case MODE_CONFIGURING:       enterConfigMode();    break;
      case MODE_CONNECTING_NET:    enterConnectNet();    break;
      case MODE_CONNECTING_CLOUD:  enterConnectCloud();  break;
      case MODE_RUNNING:           runBlynkWithChecks(); break;
      case MODE_OTA_UPGRADE:       enterOTA();           break;
      case MODE_SWITCH_TO_STA:     enterSwitchToSTA();   break;
      case MODE_RESET_CONFIG:      enterResetConfig();   break;
      default:                     enterError();         break;

      Serial.println(BlynkState::get());
    }
  }
};

I changed the timeout time to 30000ms in hopes that it will reconnect, but no luck. The processor restarts.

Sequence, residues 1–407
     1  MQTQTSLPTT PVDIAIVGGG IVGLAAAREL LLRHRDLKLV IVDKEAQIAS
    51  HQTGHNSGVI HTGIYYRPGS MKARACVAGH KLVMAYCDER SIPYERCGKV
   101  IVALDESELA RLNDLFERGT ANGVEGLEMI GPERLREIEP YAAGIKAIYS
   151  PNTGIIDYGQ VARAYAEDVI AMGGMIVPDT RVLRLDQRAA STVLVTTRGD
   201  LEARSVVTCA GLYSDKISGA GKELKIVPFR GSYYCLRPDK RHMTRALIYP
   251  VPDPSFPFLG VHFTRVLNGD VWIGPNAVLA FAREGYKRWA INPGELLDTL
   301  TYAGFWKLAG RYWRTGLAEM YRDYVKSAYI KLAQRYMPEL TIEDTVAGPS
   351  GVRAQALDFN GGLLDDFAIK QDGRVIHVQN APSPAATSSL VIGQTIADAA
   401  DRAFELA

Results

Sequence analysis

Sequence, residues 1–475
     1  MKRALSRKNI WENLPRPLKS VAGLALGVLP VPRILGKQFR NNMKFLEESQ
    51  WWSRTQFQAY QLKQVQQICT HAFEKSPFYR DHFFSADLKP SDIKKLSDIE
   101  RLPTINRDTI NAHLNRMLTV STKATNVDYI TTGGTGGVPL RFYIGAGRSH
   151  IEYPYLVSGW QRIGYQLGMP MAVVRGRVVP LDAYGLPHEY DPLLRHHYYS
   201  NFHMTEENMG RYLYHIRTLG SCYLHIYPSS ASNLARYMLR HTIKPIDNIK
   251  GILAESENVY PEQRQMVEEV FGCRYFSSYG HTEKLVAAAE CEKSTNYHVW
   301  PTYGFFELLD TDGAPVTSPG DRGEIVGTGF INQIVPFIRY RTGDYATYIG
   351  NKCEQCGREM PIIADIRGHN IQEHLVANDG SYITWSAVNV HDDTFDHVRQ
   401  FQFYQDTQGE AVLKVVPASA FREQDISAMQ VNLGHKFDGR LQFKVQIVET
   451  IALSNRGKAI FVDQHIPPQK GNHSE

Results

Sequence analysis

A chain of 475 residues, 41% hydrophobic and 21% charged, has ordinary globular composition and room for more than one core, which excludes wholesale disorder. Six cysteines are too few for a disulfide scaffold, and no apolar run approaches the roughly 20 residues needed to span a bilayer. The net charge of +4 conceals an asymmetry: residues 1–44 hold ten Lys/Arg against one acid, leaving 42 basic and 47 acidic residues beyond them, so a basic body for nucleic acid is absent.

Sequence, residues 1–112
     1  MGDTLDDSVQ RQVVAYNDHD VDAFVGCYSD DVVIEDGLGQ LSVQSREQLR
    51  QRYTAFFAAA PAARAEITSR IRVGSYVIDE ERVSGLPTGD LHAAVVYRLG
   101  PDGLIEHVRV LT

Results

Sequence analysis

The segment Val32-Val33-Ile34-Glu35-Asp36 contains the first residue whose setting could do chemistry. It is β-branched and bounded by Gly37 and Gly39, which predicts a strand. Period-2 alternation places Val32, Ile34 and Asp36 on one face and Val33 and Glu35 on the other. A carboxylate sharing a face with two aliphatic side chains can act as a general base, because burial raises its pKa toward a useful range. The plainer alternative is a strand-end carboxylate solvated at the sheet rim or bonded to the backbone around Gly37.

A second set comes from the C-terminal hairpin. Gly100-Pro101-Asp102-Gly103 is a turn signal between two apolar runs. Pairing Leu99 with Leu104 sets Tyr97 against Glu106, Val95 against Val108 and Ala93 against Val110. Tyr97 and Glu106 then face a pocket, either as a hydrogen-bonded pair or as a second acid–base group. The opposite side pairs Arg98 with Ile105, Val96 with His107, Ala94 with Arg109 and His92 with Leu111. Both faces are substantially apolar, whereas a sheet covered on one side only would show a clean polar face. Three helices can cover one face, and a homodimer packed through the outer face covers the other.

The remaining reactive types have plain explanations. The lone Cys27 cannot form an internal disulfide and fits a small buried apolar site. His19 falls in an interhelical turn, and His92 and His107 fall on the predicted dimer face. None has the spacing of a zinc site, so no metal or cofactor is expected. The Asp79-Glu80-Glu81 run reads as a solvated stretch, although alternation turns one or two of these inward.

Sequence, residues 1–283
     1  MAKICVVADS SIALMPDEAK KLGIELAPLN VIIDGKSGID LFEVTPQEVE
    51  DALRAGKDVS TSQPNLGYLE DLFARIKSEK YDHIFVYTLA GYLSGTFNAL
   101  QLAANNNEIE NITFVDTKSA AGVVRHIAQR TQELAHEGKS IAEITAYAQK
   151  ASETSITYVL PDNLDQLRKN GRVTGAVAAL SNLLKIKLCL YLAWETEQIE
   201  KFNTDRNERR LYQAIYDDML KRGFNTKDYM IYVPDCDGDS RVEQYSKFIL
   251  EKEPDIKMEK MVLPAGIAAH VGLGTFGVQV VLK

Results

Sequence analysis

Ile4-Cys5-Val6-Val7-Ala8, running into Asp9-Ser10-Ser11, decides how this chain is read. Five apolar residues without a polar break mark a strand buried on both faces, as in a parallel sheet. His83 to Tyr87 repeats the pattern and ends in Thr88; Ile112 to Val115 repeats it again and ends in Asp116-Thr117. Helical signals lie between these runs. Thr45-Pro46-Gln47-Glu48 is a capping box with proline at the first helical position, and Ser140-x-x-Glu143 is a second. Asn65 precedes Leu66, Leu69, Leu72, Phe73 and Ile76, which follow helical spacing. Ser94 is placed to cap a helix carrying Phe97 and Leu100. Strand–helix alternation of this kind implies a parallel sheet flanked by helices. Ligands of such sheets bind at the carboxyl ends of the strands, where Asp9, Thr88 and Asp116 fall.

void enterError() 
{
  BlynkState::set(MODE_ERROR);
  
  unsigned long timeoutMs = millis() + 30000;
  while (timeoutMs > millis() || g_buttonPressed)
  {
    delay(10);
    app_loop();
    if (!BlynkState::is(MODE_ERROR)) 
    {
      return;
    }
  }
  DEBUG_PRINT("Restarting after error.");
  delay(10);

  restartMCU();
}

I’ve also noticed that this line of code sets the status to error, but it’s not checked within BlynkEdgent.h:

BlynkState::set(MODE_ERROR); - where is this mode checked?

My other question is, what might cause the processor to stay in the error mode? I see that app_loop(); method/function is called after every 10ms, but I don’t see any related code within the app_loop(); to reconnect once the connection has been lost nor any other related code which might clear the error.